Target Announces Plans to Stop Taking Personal Checks Citing ‘Extremely Low Volumes’

By: Alex Trent | Published: Jul 09, 2024

US retailer Target recently announced that starting Jul 15, it would no longer accept personal checks as a method of payment at the checkout.

This latest move comes amid several recent ones aimed at streamlining the checkout process and improving customer queue times.

Target Announcement

In an announcement first reported by KARE, Target announced the axing of personal checks as a valid form of payment, citing concerns about crafting a convenient checkout experience.

A close-up on red Target carts.

Source: Abhinav Bhardwaj/Unsplash

“Target is committed to creating an easy and convenient checkout experience, and that includes providing our guests with numerous ways to pay,” said a Target spokesperson.


Low Volumes

In an email to CBS News, Target expanded on this idea, saying that ‘extremely low volumes’ have led to the decision to stop taking personal checks.

A late evening view of a Target store's facade featuring the red and white Target logo with a tree to the left and cars parked in front

Source: Shabaz Usmani/Unsplash

“Due to extremely low volumes, we’ll no longer accept personal checks starting July 15,” a Target spokesperson said in an email.

Informing Customers

While the news may be sudden for some, Target is doing its best to notify its customers ahead of time so that it is less of a surprise.

Outside of a Target retail store.

Source: Brainulator9/Wikimedia Commons

“We have taken several measures to notify guests in advance to aid an easy and efficient checkout experience,” the Target spokesperson said.

Not Many Use Checks

According to a 2023 study by, as many as 46% of Americans did not write a single check in a year.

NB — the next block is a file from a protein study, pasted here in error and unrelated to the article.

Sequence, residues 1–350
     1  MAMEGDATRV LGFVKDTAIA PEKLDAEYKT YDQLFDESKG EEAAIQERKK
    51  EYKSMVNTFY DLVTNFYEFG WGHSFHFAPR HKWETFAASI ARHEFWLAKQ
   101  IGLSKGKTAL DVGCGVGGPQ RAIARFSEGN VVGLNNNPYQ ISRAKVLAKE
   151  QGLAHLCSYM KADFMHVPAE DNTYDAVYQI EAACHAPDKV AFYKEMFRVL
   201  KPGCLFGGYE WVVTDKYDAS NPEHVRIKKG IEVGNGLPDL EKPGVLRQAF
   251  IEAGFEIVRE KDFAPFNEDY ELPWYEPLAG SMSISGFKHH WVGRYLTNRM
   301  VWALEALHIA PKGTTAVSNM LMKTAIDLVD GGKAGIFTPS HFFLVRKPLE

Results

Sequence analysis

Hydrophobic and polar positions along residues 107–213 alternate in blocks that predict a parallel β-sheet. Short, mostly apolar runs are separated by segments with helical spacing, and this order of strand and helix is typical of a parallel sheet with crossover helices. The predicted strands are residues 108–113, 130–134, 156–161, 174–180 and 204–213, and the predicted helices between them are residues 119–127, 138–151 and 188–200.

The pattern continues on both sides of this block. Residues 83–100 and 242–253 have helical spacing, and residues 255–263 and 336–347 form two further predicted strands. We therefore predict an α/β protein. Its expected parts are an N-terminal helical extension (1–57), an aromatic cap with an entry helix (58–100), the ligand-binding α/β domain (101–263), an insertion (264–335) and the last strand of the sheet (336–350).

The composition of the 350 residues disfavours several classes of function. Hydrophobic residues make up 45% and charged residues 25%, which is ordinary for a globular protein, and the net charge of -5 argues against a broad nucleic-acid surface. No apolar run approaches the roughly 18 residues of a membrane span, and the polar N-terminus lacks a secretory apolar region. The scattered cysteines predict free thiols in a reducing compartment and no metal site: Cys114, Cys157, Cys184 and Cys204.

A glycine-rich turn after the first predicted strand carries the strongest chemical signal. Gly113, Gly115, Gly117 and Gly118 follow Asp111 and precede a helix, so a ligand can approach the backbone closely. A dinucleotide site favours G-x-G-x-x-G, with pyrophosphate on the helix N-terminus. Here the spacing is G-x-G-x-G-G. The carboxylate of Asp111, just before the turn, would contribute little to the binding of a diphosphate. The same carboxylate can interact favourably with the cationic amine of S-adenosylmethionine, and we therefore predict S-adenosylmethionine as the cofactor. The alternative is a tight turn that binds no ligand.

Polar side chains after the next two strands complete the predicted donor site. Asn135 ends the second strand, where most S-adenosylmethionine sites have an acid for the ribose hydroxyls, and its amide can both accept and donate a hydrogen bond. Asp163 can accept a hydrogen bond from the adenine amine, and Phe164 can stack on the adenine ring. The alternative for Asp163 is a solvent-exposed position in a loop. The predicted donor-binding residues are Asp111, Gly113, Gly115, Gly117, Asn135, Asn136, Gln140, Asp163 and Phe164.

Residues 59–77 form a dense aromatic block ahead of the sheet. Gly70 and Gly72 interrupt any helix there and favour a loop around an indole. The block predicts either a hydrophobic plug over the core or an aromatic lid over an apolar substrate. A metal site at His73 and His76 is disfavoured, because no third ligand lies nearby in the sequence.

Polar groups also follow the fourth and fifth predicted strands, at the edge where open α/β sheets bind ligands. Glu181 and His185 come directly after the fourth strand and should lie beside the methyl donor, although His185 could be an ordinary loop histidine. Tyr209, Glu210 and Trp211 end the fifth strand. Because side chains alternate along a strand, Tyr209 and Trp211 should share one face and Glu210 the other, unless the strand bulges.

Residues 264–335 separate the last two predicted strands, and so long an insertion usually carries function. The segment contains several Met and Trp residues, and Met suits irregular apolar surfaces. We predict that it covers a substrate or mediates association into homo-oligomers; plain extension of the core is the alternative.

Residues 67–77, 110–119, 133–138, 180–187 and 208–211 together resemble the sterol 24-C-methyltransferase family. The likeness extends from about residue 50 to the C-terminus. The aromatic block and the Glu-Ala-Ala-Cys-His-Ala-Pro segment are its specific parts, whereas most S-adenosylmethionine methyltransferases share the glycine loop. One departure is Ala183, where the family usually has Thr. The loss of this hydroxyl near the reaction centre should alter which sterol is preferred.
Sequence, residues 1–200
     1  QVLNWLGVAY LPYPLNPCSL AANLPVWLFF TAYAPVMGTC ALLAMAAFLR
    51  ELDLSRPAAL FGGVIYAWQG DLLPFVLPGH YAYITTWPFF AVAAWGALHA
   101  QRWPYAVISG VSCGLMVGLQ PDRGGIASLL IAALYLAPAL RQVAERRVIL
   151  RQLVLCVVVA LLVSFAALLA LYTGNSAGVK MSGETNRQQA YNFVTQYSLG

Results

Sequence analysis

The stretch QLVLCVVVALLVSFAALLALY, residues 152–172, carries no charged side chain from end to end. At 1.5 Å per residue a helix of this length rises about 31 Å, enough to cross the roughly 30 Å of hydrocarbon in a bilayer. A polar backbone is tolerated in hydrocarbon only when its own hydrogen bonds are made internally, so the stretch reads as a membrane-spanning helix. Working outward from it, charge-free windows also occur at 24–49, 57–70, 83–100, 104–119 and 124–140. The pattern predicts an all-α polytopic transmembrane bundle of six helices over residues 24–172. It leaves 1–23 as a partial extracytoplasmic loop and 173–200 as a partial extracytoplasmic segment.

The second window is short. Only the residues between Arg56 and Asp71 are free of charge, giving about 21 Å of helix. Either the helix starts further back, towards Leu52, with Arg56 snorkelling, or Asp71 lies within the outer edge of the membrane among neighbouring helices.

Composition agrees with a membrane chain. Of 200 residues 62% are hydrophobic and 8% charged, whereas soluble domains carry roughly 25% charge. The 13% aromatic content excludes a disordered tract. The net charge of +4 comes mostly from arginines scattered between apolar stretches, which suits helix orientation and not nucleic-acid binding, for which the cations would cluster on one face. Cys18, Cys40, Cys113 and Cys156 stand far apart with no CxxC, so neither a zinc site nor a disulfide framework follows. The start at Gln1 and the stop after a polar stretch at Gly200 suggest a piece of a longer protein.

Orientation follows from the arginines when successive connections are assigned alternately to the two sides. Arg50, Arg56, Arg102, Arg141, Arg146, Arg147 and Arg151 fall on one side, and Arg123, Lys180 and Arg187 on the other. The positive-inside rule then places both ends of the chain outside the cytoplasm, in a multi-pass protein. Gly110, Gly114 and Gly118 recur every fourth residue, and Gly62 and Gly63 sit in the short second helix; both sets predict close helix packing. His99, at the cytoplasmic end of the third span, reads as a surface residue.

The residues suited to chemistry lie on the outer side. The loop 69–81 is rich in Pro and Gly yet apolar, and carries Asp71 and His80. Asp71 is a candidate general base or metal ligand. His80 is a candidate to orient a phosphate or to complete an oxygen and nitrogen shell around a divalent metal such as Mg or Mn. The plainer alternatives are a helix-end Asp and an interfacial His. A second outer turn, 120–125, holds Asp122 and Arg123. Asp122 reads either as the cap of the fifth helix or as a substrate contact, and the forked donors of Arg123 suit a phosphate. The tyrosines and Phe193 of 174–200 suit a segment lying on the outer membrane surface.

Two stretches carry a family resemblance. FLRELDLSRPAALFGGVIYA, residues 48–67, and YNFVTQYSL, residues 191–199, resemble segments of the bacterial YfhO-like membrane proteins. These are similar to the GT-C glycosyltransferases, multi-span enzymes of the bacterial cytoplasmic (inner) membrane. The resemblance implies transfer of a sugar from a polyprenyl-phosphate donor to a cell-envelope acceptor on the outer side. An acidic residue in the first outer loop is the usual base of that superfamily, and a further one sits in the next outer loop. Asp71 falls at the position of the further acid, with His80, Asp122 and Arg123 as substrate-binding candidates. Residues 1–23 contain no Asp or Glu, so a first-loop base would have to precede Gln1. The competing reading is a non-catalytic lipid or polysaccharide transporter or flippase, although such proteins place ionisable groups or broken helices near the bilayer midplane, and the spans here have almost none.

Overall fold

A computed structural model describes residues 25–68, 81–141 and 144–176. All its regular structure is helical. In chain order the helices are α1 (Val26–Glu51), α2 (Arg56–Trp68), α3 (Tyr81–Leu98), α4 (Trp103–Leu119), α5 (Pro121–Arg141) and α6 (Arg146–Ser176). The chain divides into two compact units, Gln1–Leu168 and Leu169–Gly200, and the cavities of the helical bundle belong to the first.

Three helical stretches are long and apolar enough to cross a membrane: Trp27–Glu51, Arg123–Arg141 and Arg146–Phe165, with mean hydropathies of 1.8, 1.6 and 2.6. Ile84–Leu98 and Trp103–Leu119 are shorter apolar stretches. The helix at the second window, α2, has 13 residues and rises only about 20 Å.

A man writes notes on a sheet of paper.

Source: Scott Graham/Unsplash

Only 4% of Americans surveyed wrote more than 12 checks in a year as digital ways to pay become ubiquitous, expected, and commonplace.

Why is Writing Checks So Uncommon?

The benefits of convenience and instantaneous money transfer through various apps and services make the slow process of writing a check less popular.

Close-up of a person's hands as they count a stack of US dollar bills. The person is wearing a dark blue shirt, and their fingernails are painted in a light color

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“Besides the odd property tax bill or service person who only takes checks and credit cards; electronic payments can handle everything else,” said Jay Zigmont, Ph.D., CFP and founder of Childfree Wealth. “It may not be about using apps or fancy tools, but just using basic credit cards and electronic funds transfers.”


Retail Workers Hate Checks

People commenting on the Target announcement shared their experience in retail, asserting that people writing checks slowed down line queues for other customers.

A man checks out after purchasing using a tablet to complete his order while a worker in an apron stands before him.

Source; Blake Wisz/Unsplash